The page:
Pants on Fire, on parade
Among PolitiFact Wisconsin readers, perhaps the favorite rating on our Truth-O-Meter is Pants on Fire, which we use for claims that are not accurate and ridiculous.
In 2014, we gave a Pants on Fire to seven statements.
Here they are, ranked by the number of page-views they received on PolitiFactWisconsin.com.
(By the way, you can go here to see all of our Pants on Fire ratings, going back to when PolitiFact Wisconsin launched in 2010.)
The Republican U.S. senator made the claim about four government assistance programs during a talk he gave at "Pints and Politics," a regular gathering for conservatives at a suburban Milwaukee restaurant.
Improper payment rates are in the 20 to 25 percent range in the tax credit program -- but are 10 percent or less in the other three programs. More importantly, those are error rates; there are no figures on the rate of fraud, which is believed to be a small component of errors.
Democrat Mary Burke made that claim during her unsuccessful campaign to unseat Republican Gov. Scott Walker. But unemployment didn’t go up during Walker’s first term, it dropped.
Burke defended the claim, made in a TV ad, by saying 4.8 percent was a reference to when she served as state commerce secretary, which was several years before Walker became governor in 2011. But the ad gave no indication that was being used as the comparison. Moreover, during Walker’s time as governor, unemployment started at 7.7 percent, not 4.8 percent. And rather than trending upward, the rate steadily dropped to near 6 percent at the time of our factcheck.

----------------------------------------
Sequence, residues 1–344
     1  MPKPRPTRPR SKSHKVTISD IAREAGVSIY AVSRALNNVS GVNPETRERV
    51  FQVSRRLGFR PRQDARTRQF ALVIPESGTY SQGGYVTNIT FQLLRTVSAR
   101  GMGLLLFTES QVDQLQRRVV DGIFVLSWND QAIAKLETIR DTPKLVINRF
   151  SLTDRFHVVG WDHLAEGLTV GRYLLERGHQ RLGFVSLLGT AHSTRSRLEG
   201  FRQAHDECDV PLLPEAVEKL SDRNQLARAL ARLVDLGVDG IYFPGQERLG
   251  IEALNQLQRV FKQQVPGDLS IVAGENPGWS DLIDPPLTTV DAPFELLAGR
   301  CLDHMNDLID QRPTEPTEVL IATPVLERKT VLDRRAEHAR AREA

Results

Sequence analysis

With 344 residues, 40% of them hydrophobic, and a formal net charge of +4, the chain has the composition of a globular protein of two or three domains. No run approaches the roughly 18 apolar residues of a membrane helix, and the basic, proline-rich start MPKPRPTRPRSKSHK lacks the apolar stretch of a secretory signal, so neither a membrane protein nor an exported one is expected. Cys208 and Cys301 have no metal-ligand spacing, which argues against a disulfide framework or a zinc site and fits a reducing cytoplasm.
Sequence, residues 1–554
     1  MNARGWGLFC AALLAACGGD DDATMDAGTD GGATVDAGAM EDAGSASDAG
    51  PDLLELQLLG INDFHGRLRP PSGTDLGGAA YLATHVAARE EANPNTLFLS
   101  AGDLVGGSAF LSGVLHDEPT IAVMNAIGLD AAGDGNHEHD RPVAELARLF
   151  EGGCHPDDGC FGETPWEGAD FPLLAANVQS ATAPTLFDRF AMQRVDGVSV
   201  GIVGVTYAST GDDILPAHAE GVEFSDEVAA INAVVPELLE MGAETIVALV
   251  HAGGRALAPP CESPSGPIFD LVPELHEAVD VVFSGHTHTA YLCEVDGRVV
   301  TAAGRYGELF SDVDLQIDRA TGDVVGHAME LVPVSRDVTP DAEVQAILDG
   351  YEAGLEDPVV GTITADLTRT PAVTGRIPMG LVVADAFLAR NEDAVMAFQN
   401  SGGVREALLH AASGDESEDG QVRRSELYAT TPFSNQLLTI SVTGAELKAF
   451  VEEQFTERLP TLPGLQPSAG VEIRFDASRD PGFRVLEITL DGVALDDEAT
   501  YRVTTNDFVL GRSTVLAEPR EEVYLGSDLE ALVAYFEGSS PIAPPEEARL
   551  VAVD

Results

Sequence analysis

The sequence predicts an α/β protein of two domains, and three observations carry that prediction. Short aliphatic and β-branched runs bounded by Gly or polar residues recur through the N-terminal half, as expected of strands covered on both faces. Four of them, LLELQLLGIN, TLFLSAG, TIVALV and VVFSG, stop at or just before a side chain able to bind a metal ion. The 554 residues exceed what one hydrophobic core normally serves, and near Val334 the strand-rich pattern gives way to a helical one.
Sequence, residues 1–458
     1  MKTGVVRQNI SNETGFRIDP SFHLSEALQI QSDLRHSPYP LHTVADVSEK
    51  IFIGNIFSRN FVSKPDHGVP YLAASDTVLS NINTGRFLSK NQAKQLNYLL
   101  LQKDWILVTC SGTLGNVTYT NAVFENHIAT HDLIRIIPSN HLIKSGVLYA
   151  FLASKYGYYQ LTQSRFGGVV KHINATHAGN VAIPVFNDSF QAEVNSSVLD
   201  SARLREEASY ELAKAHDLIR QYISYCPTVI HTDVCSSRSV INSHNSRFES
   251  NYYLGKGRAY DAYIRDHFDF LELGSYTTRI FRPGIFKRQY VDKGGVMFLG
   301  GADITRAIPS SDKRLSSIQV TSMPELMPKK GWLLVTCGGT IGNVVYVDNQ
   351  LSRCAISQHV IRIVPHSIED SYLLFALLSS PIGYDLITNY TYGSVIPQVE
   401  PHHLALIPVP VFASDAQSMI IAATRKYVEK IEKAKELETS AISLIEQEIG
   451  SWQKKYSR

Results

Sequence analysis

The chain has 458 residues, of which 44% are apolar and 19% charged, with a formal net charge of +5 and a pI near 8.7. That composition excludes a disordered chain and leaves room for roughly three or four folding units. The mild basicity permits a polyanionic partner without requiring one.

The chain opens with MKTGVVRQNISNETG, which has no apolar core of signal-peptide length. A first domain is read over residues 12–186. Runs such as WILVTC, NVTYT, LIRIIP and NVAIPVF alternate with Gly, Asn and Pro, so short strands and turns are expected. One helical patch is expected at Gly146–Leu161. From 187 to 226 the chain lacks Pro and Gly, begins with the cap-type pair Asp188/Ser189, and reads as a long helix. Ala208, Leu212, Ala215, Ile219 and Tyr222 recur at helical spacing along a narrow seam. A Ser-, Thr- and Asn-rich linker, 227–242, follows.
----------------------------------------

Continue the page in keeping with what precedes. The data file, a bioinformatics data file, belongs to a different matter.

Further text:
This claim had to do with the suspicions of prosecutors, in a secret criminal investigation known as a John Doe, that Walker helped run a "criminal scheme" to violate campaign laws.
The party posted a web video that ended with a clip of questions and answers between news reporters and Walker. In the clip, Walker appears to acknowledge guilt in the case.
But in reality, the governor had answered with an emphatic "no." The editing of the ad left the viewer with the misleading and ridiculous impression that Walker was somehow admitting guilt.
Wisconsin wages were declining in one quarter ending in September 2012.
But after that, Wisconsin wages were not declining at all. In fact, more recent data showed Wisconsin’s average wages not only growing, but topping the national mark three quarters in a row.
Burke charged that Walker planned to end the state income tax and more than double the state portion of the sales tax.
Walker had said he wanted to explore the possibility of eliminating the state income tax, which likely would trigger some increase in the state sales tax. But he had not advanced a plan to eliminate the income tax, nor to raise the sales tax by any particular amount.
Walker claimed that the 2012 Republican presidential nominee didn’t run on his business resume.
But we found Romney, from day one until the eve of the election, hammered home his private-sector time, as did campaign surrogates -- including Walker himself.
Cullen, then a member of the Milwaukee County Board, emphasized how much the board’s action would save taxpayers. But there were no real savings, given that the extra security for County Executive Chris Abele cost taxpayers more money.
Even at that, we found Abele’s personal security would fall far short of Walker’s and that of Milwaukee Mayor Tom Barrett.